Saturday, April 3, 2010

Joshua, Chapters 7 & 8

Chapter 7

Ruh-roh! This is the story of Achan, a member of Judah's tribe, who sins and gets the entire nation of Israel punished as a result.

The backstory: Joshua sends some spies to Ai, a village in a valley near Jericho. They come back and report that only a couple of thousand men will be needed to defeat the town, for they are but few (v. 3).

Unfortunately, the men of Ai are fiercer than expected, and manage to kill 36 Israelites before they retreat. Oh, no! A one percent mortality rate! Apparently Joshua thought he could conquer this entire territory without losing anyone. That's why he had a 600 000 person army, of course.

Anyway, he laments and tears his clothes and asks god why he sent them here to be humiliated. God informs him that one of his soldiers stole something, then lied about it and hid it among his possessions. He tells Joshua to find out who, and kill the traitor by burning, you know, rather than acting like the omniscient, omnipotent god he supposedly is and doing it himself.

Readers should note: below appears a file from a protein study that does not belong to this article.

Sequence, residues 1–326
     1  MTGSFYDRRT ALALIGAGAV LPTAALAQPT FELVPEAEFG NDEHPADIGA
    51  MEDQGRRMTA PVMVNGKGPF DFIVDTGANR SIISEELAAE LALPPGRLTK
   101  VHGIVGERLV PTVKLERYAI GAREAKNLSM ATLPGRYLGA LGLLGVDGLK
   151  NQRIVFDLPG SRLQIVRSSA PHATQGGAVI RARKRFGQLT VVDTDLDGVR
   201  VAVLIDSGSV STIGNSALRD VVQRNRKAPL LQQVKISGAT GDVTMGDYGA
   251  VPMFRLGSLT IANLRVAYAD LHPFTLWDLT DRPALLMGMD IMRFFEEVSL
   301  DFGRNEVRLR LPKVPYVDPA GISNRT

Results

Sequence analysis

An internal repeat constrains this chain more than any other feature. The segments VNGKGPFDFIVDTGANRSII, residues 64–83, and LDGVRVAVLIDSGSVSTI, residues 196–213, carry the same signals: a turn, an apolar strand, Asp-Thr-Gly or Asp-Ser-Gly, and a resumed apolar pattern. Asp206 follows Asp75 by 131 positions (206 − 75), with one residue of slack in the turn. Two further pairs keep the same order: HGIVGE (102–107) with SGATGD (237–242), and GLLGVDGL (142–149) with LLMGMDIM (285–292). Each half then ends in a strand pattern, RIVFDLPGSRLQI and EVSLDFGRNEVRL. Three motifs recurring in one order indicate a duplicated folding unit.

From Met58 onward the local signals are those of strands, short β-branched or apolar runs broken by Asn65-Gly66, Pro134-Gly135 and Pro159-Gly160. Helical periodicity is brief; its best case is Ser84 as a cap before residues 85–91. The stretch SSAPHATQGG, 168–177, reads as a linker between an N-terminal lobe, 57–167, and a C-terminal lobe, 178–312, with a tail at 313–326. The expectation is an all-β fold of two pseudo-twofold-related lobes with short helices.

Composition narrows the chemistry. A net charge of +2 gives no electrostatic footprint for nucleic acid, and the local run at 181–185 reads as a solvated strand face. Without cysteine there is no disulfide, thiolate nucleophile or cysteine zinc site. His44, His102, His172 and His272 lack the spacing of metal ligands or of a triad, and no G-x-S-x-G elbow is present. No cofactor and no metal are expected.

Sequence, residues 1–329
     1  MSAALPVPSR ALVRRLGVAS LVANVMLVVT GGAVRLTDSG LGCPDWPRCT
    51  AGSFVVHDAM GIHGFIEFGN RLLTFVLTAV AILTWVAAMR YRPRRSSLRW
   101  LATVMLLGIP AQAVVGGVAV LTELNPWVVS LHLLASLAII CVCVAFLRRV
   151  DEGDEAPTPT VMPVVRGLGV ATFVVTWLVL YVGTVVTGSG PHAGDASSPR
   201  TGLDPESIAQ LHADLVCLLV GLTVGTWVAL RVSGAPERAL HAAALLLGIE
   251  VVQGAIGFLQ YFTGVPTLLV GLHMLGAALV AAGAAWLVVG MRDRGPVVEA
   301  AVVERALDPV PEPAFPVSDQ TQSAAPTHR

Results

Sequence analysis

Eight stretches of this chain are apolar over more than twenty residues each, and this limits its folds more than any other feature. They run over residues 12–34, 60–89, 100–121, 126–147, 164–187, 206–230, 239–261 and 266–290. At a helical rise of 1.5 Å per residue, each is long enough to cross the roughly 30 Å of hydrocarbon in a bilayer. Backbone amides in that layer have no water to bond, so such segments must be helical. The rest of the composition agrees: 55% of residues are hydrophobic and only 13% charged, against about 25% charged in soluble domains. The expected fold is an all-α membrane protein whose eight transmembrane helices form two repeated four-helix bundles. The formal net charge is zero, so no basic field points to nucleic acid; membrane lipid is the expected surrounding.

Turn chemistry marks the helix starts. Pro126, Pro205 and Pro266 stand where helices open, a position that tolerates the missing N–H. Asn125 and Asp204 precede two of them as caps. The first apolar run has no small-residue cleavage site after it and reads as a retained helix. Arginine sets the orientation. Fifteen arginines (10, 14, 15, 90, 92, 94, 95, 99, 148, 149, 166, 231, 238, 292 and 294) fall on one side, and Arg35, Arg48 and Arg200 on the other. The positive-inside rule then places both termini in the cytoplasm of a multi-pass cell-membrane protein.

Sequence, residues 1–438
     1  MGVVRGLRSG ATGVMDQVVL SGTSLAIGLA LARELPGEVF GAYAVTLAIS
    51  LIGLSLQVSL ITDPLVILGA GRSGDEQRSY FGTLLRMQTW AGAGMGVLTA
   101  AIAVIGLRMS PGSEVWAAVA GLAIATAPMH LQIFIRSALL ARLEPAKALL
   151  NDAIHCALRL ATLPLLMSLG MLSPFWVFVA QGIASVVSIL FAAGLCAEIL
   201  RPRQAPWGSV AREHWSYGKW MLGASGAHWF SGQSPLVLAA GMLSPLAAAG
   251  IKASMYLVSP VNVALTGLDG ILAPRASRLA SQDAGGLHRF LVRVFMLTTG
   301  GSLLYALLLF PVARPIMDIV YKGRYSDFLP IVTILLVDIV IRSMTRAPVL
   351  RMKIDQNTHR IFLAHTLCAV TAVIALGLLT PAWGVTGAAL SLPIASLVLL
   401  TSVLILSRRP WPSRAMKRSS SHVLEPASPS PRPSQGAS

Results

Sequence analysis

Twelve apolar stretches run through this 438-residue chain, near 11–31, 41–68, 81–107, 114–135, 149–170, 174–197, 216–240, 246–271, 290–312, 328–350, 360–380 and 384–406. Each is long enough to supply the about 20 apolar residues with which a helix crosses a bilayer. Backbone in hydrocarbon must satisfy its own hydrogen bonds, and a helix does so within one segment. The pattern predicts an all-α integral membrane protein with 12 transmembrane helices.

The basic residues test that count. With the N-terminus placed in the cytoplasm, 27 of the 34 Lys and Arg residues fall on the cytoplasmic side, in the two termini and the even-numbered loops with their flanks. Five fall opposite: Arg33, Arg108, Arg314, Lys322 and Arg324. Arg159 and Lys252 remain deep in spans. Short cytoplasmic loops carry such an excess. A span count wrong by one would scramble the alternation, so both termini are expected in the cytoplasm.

So the next day, Joshua enquires through the ranks and finally comes to Achan, who readily admits to taking a goodly Babylonish garment, and two hundred shekels of silver, and a wedge of gold of fifty shekels weight (v. 21) and burying it under his tent. Rather than praise him for his honesty and forgive him, Joshua takes his entire family and his animals to the valley of Achor, where they are first stoned, then burned to death and buried under a heap of rocks.

So much for those verses that say not to punish a man for his father's sins. Also, why does god keep insisting on stoning animals to death? Why do biblical animals have moral agency?

Chapter 8

According to The Skeptical Review, the two cities of Jericho and Ai were abandoned around the same time, 2400-2300 BCE, or 1000 years before all of this supposedly took place. This story is an etiology (story that explains the existence of a phenomenon). Of course Jerry Falwell, who was all over the fact that there was an Egyptian Pharaoh who wasn't his father's firstborn son in 1800 BCE must be proof of the plague of firstborn sons, doesn't mention this little piece of archeological evidence.

God commands the Israelites to go again and conquer Ai. Joshua takes 30 000 men this time. He orders them to fake a retreat, following which they'll burn the city. The plan works and they kill everyone inside. The king is hung in a tree and buried near the entrance of the city, with a pile of stones marking the site.

Joshua then builds an altar at Mount Ebal, where he sacrifices some animals. Then he writes all the laws on some stone tablets

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